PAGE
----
Going one step further, Halo Infinite's multiplayer looks like a lot of fun... but trying to hype the game as something truly special simply doesn't work. This isn't Bungie. This is 343i. They have dropped every single ball they've ever been handed. 343i don't get the benefit of any doubt - they have to prove they can deliver a competent game, let along a worthy Halo title. They've had 10 years with the franchise... and we're all celebrating a return to the Halo 3 era - a 14 year old game that 343i didn't have a hand in. Halo Infinite might turn out to be truly amazing... but it has the 343i logo on the box. I'd recommend everyone waits and sees rather than gets their hopes up.
 

SenjutsuSage

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... so just Halo 5 then? Halo 4 released for the Xbox 360 at the end of its life cycle. Halo 5 launched nearly a year after the Xbone did and it was an unmitigated disaster. It was certainly not very impressive on any front. Halo Infinite looks fine, but it's not some kind of industry leading showcase worth holding up. It's about on par with what everyone is doing now-a-days. There really isn't a single element of what we've seen that makes me think the engine under-the-hood is worth any kind of fanfare.

Going one step further, Halo Infinite's multiplayer looks like a lot of fun... but trying to hype the game as something truly special simply doesn't work. This isn't Bungie. This is 343i. They have dropped every single ball they've ever been handed. 343i don't get the benefit of any doubt - they have to prove they can deliver a competent game, let along a worthy Halo title. They've had 10 years with the franchise... and we're all celebrating a return to the Halo 3 era - a 14 year old game that 343i didn't have a hand in. Halo Infinite might turn out to be truly amazing... but it has the 343i logo on the box. I'd recommend everyone waits and sees rather than gets their hopes up.

Halo 3 was called last gen looking on reveal. So let's try to pretend they're only one upping Halo 5. They're massively one upping Halo 3, ODST, Reach, Halo 4 & Halo 5. All Halo games after Halo 2 arrived in the HD gaming on console era, so let's not try to pretend otherwise by only claiming Halo 5 fits the criteria.

None with respect to its planned launch looked as impressive next to whatever else was out there as Halo Infinite now does. Only game that can even remotely claim such praise for its time would be Halo 4, and that was made by 343. I've appreciated all Halo games visually for what I knew they were aiming to achieve, but that vision has never looked or come together as impressively as it is coming for Halo Infinite.

And while the inspiration is there, I wouldn't exactly call it a return to the Halo 3 era because Halo 3 was nothing like what this game's campaign is setup to be. Let's get that part straight. Halo Infinite in just its most recent campaign flyover shows more freedom and explorable possibilities than all of what was possible in Halo 3. 343 are carving their own path with Halo Infinite. It's never been done like this before.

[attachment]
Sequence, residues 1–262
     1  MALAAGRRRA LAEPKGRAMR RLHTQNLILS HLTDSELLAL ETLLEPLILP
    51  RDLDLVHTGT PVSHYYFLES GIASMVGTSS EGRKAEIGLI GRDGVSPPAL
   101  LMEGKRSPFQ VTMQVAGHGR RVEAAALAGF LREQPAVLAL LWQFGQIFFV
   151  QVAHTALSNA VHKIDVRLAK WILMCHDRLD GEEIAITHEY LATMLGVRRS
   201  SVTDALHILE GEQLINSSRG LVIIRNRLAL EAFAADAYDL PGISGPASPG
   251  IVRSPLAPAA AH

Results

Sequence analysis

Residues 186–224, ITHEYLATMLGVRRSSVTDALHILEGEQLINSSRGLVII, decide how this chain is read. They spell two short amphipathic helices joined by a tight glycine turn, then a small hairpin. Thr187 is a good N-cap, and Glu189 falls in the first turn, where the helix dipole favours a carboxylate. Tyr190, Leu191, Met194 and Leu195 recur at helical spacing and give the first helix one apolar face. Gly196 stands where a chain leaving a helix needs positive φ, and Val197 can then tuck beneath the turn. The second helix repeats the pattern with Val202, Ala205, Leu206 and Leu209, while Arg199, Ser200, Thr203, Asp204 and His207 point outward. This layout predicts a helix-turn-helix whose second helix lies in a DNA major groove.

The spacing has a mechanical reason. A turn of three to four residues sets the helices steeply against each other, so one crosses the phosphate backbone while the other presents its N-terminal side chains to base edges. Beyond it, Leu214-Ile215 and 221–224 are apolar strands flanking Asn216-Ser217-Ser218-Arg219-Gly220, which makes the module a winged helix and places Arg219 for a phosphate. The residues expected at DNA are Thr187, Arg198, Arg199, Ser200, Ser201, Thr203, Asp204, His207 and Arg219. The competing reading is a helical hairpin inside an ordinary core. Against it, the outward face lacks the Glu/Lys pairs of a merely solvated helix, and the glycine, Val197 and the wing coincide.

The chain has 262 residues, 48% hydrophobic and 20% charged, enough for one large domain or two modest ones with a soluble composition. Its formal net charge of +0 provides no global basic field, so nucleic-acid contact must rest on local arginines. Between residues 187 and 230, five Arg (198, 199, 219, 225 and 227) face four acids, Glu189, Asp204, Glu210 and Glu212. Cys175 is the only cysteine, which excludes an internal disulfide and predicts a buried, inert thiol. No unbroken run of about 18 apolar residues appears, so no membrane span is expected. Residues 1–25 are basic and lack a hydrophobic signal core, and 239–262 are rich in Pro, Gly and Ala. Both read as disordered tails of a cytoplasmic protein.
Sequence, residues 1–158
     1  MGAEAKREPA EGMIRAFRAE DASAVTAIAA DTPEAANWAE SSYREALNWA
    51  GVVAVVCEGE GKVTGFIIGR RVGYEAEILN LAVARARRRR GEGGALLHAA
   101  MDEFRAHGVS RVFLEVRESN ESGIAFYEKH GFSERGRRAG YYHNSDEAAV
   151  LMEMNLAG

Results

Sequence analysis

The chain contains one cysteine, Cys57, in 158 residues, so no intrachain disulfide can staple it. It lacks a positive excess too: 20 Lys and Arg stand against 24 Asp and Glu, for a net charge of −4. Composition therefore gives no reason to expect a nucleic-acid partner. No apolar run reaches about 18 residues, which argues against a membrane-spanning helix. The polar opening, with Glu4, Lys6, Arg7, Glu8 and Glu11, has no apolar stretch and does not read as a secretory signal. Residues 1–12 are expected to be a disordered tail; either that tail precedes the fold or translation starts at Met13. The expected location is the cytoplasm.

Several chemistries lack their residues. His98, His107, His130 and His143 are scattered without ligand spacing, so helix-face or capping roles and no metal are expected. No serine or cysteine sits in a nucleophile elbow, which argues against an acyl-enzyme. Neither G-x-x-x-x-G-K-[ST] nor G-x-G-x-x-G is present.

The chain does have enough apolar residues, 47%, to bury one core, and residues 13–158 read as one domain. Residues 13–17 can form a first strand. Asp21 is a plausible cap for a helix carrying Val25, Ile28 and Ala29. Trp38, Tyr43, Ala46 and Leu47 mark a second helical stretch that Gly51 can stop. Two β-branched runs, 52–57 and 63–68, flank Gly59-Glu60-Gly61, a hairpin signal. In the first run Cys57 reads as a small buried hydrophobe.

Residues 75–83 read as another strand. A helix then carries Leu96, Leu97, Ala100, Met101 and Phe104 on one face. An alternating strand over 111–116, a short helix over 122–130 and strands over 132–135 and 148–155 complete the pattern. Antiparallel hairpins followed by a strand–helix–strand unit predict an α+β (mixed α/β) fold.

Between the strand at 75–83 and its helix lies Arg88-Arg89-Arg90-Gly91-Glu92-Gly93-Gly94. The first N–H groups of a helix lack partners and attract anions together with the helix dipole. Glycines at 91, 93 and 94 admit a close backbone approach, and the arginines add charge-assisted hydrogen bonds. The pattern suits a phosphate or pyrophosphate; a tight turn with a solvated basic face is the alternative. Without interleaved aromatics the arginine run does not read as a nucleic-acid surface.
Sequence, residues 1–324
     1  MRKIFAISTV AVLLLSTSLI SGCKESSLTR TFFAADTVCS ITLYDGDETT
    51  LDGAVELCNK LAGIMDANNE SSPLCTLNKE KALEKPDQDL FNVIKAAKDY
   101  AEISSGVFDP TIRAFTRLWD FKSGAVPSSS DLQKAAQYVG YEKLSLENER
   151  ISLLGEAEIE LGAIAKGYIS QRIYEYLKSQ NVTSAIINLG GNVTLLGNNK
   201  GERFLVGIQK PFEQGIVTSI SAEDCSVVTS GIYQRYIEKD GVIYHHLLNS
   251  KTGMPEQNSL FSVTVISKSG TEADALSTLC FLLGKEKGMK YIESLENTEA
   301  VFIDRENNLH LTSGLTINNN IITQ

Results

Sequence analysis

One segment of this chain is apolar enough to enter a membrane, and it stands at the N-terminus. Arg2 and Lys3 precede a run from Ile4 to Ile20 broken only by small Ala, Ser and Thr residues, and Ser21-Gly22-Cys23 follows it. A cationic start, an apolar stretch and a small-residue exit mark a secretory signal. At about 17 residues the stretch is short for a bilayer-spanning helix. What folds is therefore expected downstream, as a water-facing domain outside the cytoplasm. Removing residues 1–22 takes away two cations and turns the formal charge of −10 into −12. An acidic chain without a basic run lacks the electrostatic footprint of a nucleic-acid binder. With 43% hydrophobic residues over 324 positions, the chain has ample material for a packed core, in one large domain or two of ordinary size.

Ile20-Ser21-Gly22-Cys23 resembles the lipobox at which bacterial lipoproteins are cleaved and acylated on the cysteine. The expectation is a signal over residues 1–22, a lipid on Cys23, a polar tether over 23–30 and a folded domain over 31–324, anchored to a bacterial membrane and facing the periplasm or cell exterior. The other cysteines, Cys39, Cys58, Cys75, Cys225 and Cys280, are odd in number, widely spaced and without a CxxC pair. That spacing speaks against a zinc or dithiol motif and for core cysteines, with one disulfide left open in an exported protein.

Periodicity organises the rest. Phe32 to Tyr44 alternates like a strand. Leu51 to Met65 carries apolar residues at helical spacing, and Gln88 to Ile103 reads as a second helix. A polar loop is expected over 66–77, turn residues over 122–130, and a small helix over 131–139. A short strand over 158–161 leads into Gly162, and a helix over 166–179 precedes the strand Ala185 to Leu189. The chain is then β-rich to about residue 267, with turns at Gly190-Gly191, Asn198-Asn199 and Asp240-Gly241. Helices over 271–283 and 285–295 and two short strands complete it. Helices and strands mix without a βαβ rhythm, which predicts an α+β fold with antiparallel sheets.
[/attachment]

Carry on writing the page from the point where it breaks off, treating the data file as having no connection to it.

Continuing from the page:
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Papacheeks

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This:



Is not good. As a software developer this sounds like a nightmare. Legacy code is rarely a good thing, most of the time it's a hindrance and has a funny way of interacting with new things you add when you least expect it. Then when you find what it is that's causing the problem you've got to figure out what the fuck that section of code does and how to work around it (or remove it without breaking anything else). House of cards.

The only way to get around that process is to have very good documentation.

It's what broke gears ultimate on pc.
 

01011001

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Eh, infinite looks fine in its current state, but its not even close to the pristine level that the first in engine trailer was

in a game designed for Xbox One you'll never find such a high fidelity. they could add graphical features and exclusively designed meshes and textures for Series X|S but that is not cost efficient. the best way is to make a game that scales up and down on low end consoles/PC hardware and on high end ones trhough easily tweakable settings.

the times of dedicated next gen ports are over. this was still something developers did back in the PS1 to PS2 days or Xbox/PS2 to Xbox 360/PS3 days, but now you'll just get a version with slightly better visuals, not one that is specifically enhanced for the new consoles. push up LODs, push up Texture res and push up the resolution, maybe framerate... done. because that's the easy way

Ports like Tony Hawk's Pro Skater 2X on Xbox are a thing of the past
 
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Fredrik

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This:



Is not good. As a software developer this sounds like a nightmare. Legacy code is rarely a good thing, most of the time it's a hindrance and has a funny way of interacting with new things you add when you least expect it. Then when you find what it is that's causing the problem you've got to figure out what the fuck that section of code does and how to work around it (or remove it without breaking anything else). House of cards.

The only way to get around that process is to have very good documentation.
Exactly. They’re hyping something bad and tries too make it sound good.

I think the only way they can turn it around so people aren’t disappointed once they show the campaign is to replicate all scenes from the 2018 engine trailer and show that it’s either the same or better now.